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Published: July 29th 2016
The Cypriot Flag
Usually accompanied by...
I wasn’t all that interested in visiting Cyprus, I was basically just ticking another country off the list for my Corn Flake mission but I spent nearly 2 weeks camping and sleeping in the car and found enough to keep me entertained. It was the end of a 2 month trip which started with a month in Jordan, followed by a couple of weeks touring around Israel and Palestine and when I flew out of Tel Aviv I left feeling like a caged animal after my time in what is effectively a police state. I landed in Cyprus needing to feel free so I picked up my bag, walked straight out the airport and kept on walking until I reached the coast.
Next day I did some hitching-hiking and plenty of walking so progress was slow and I realized I wasn’t going to see the sights of Cyprus travelling in this way, especially when I found out the island was much bigger than I had expected stretching 240km one way and 100km the other. I got a ride to Limassol with some guy claiming he used to work for the U.S government and
was sent here for reconnaissance. He dropped right next to some suggestive graffiti; CAR in big letters so I took the hint and hired a little economy car the next morning after I camped close to the city at a spot which I found out about 10 o clock that evening was a meeting place for gay guys, needless to say I fell asleep listening to my ipod that night.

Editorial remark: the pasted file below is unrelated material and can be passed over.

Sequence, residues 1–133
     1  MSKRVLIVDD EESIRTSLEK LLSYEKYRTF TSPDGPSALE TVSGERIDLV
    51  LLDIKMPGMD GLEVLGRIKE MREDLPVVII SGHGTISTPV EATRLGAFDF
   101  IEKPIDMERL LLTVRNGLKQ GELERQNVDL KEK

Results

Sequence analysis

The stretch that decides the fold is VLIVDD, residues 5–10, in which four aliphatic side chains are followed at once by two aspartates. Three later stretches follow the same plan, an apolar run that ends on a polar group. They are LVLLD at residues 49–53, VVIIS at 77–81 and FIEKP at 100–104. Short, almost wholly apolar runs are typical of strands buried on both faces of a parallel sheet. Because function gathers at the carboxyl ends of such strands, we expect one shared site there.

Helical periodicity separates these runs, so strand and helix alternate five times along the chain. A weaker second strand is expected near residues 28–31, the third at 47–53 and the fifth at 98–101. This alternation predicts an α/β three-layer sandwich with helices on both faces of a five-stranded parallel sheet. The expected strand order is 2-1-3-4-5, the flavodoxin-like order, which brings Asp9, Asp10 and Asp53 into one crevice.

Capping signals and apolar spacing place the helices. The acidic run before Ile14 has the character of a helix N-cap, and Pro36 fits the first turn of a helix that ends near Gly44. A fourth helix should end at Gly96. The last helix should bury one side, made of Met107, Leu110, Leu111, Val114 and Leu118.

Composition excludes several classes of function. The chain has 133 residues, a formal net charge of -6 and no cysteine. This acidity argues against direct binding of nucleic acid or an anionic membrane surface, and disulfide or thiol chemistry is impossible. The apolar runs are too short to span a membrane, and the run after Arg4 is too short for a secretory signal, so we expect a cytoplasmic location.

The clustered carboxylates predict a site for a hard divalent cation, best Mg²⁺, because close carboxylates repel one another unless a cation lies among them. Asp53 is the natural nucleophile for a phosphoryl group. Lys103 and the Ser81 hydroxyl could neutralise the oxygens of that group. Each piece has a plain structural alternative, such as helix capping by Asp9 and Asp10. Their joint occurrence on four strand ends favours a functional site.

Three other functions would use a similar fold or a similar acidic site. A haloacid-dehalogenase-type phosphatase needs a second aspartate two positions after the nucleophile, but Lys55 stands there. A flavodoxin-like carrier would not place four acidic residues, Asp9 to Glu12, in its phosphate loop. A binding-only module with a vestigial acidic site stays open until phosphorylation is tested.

Cyprus is widely used by the tourist industry, famous for its beaches, its ruins but not so famous for its national symbol which is a Sheep, it is also known as the original island of love due to it being the former home of Aphrodite. I visited the waterfall where she was supposed to have met Adonis then drove along the north coast to see a part of the island where I imagined very few tourists go. I stopped in Kato Pyrgos, a town right next to the border to the Turkish side where I had a beer and walked around a bit before heading back towards the more populated part of the island to visit some of the main tourist attractions on offer.
The First Sign I Saw
I was a little confused
drove I came across the uniquely shaped orthodox churches so while looking around Larnaca I Paid a visit to one of the more famous ones which was typically humble and covered in gold in a way that would seriously have pissed Jesus off, interestingly locals flock here to kiss pictures of their deities. I visited the salt lake with flamingos and the Hala Sultan Tekke mosque, the 4th
most sacred site to the muslims.
I stopped in the infamous Ayia Napa and saw the influence of Aphrodite in the modern world but after a beer I chose to drive a few kilometres away to Cape Greco, an area of natural beauty offered as a place to visit on tour. It was nice enough with a natural bridge, a little church and a small cave with the Mediterranean crashing against the rocks. I slept the night there then next morning found an interesting spot to have some flakes.